YOUNG people today are only half as likely to get on the nation’s broken housing ladder than they were 20 years ago, according to research for the Local Government Association (LGA).
What’s more, those who already own their own home are likely to find themselves stuck; unable to move to a more suitable property as their needs and circumstances change.
The LGA’s report, ‘Understanding Local Housing Markets’, warns that many young people face renting into retirement, as the high cost of the private rental sector is preventing households from being able to save for a deposit.
In its analysis, the LGA reveals just 11% of people born in 1996 own their home today, compared with 21% of those born in 1976 who owned their own home by the time they were 22.
Faced with this, council leaders are calling for the powers and funding to fix Britain’s broken housing ladder by building new social rented homes to help give all people access to high quality affordable homes, and give more families the opportunity to save for a deposit needed to buy a new home.
“Home ownership remains a distant dream for most young people, with the high cost of the private rental sector meaning many are unable to save for a deposit to get on to the property ladder and face the prospect of being stuck renting into retirement,” said Councillor Martin Tett, the LGA’s housing spokesperson.
“However what is now becoming apparent is once on the ladder, those other rungs are becoming increasingly out of reach.
“Typically a home owner may want to move from first-time buyer, through to a family home, followed by downsizing for empty-nesters. But for too many households, our national housing ladder is broken, as they face being unable to move as their circumstances change.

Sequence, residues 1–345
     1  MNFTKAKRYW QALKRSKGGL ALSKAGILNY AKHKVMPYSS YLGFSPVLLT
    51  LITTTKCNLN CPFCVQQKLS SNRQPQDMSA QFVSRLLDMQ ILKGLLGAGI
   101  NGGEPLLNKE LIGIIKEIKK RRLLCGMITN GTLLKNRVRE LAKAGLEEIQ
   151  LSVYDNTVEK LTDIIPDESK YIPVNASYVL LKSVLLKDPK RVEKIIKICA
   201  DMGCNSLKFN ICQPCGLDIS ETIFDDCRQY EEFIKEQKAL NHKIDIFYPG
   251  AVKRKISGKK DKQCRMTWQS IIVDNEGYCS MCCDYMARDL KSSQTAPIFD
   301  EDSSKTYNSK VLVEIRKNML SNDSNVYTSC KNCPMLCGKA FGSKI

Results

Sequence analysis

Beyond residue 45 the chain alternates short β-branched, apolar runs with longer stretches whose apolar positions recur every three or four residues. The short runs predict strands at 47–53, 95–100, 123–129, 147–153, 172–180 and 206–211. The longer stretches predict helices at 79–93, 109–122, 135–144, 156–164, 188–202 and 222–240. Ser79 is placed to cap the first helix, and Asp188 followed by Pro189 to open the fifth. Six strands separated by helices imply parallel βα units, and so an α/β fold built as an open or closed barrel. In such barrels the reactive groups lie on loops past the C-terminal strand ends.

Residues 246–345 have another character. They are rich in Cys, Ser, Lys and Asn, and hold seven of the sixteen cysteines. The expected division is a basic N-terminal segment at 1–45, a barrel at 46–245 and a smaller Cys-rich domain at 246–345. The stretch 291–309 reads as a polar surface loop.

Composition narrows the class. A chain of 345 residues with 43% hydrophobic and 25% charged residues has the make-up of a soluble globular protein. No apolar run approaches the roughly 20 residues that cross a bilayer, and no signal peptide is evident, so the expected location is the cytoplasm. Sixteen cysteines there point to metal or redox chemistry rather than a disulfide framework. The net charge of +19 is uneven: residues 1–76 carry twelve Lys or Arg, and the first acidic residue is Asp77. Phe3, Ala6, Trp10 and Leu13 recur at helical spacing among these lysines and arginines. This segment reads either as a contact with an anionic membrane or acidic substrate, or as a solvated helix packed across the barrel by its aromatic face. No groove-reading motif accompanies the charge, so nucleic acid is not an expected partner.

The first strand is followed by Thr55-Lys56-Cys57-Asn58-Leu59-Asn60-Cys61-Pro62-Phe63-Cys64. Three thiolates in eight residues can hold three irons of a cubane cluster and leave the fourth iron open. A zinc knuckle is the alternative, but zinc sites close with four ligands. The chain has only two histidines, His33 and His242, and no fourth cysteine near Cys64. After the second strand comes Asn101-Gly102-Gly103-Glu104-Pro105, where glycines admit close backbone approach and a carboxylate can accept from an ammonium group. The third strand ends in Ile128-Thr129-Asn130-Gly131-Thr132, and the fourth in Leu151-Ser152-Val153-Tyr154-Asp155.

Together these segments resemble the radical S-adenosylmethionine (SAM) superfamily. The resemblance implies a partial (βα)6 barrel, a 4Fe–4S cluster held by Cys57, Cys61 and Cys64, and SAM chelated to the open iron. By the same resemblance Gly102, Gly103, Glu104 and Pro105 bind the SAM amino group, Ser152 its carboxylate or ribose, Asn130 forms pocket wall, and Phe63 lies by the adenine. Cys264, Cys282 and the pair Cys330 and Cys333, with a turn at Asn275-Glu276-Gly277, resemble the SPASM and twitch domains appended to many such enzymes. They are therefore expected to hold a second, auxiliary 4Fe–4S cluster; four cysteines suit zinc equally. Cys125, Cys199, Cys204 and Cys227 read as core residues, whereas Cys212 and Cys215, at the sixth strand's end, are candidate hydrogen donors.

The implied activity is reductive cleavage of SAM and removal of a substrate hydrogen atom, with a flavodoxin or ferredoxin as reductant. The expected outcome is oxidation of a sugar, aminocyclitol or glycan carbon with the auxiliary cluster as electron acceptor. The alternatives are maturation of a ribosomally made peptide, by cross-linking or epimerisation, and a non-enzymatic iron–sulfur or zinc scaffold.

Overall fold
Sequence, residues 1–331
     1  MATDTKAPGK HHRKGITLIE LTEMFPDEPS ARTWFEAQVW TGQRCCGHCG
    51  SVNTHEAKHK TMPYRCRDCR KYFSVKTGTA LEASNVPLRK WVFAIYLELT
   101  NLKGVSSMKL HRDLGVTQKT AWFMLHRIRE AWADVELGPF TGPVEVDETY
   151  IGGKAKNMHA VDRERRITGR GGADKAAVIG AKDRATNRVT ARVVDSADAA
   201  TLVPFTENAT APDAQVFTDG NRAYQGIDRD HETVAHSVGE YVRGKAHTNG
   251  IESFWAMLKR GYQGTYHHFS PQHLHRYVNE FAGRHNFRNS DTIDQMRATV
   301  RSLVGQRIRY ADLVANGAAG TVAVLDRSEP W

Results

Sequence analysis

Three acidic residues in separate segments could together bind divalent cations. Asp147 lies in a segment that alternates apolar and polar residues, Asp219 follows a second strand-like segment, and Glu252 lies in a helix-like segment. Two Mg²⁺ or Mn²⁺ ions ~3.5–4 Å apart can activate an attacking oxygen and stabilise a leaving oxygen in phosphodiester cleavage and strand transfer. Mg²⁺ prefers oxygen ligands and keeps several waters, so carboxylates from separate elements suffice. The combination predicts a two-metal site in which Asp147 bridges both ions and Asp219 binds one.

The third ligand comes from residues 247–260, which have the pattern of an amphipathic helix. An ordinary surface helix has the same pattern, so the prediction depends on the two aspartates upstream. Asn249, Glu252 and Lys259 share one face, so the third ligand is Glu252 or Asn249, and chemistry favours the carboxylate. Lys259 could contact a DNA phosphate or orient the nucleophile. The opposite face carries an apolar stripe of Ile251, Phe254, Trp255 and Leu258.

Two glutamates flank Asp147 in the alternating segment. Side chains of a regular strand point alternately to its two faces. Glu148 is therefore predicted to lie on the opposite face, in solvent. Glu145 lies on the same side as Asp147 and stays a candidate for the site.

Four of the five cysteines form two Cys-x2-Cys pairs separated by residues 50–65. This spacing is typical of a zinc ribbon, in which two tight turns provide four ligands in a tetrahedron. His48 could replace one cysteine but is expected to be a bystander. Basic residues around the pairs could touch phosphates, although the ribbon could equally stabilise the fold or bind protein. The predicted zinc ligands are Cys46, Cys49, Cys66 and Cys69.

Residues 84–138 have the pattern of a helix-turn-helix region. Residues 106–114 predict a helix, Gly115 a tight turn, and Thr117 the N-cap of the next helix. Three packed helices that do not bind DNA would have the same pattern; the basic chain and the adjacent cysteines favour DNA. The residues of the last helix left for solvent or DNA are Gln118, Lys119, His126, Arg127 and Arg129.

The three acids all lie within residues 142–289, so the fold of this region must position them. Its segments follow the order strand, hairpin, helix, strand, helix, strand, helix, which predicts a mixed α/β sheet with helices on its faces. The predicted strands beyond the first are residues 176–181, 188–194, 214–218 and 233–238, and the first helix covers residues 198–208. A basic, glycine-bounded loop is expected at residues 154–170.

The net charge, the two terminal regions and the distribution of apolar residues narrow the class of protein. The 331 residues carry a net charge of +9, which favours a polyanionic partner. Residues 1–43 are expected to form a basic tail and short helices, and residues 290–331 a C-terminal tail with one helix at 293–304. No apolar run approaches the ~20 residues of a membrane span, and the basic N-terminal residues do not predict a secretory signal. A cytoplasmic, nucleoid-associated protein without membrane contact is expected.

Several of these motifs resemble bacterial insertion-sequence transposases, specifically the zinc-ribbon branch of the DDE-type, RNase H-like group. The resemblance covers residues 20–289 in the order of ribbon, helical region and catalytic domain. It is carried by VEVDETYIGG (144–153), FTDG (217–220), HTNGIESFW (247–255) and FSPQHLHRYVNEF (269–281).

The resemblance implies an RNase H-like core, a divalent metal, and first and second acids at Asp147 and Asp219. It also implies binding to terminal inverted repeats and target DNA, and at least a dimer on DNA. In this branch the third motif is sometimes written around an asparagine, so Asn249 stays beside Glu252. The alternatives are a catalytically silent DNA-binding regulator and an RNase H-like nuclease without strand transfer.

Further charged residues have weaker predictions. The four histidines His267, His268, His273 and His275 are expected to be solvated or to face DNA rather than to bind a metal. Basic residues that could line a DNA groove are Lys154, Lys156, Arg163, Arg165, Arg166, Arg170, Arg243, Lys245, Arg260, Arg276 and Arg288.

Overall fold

“Homes for affordable and social rent are desperately needed across the country. Councils must be able to ensure a mix of homes – to rent and buy — which are affordable for those people that need them and that are crucial for enabling people to save money towards a deposit.”
The LGA cites figures that show:
- On average households in England are now spending 33% of their income on private rent, compared with home owners spending 17% of their income on mortgage repayments. In many London boroughs average rents are over 50 per cent of household earnings
- The average deposit in England is 72% of an individual’s gross salary, rising to 137% per cent in London and dropping to 56.7% in the North West
- The number of homes bought and sold last year is a third lower than before 2008 as more people stay put and so reducing the opportunity for people to move up the ladder
Council leaders warn that the current “one-size-fits-all approach” to national housing policy is failing to meet the complex and multiple housing challenges faced in different areas across the country.
While the Government has looked to encourage first-time buyers into home ownership, the LGA says this has not given enough consideration to a household’s ability to continue climbing the housing ladder when their circumstances change.
Its report also reveals how many homeowners are finding themselves unable to climb up the housing ladder once on it, with the number of mortgaged movers 50% below 2006/07 levels and showing no sign of improving.
Low turnover of existing housing has been stuck at around 1.2 million a year for the past five years, which equates to around 4.2% of total stock selling each year compared to a pre-2008 average of 6.8%.
The LGA said this is down to varying factors including lending conditions, income growth, housing equity growth and house price affordability.
The LGA is calling on the Government to use the Spending Review to devolve the Right to Buy scheme so that councils can set discounts locally and retain 100% of their receipts to invest in more homes locally, and to invest in supporting all councils to build more homes.
Tett added: “By scrapping the housing borrowing cap, the Government showed it had heard our argument that councils must be part of the solution to our chronic housing shortage. The Government needs to use the Spending Review to build on this by introducing further measures to spark a genuine renaissance in council housebuilding in all areas.”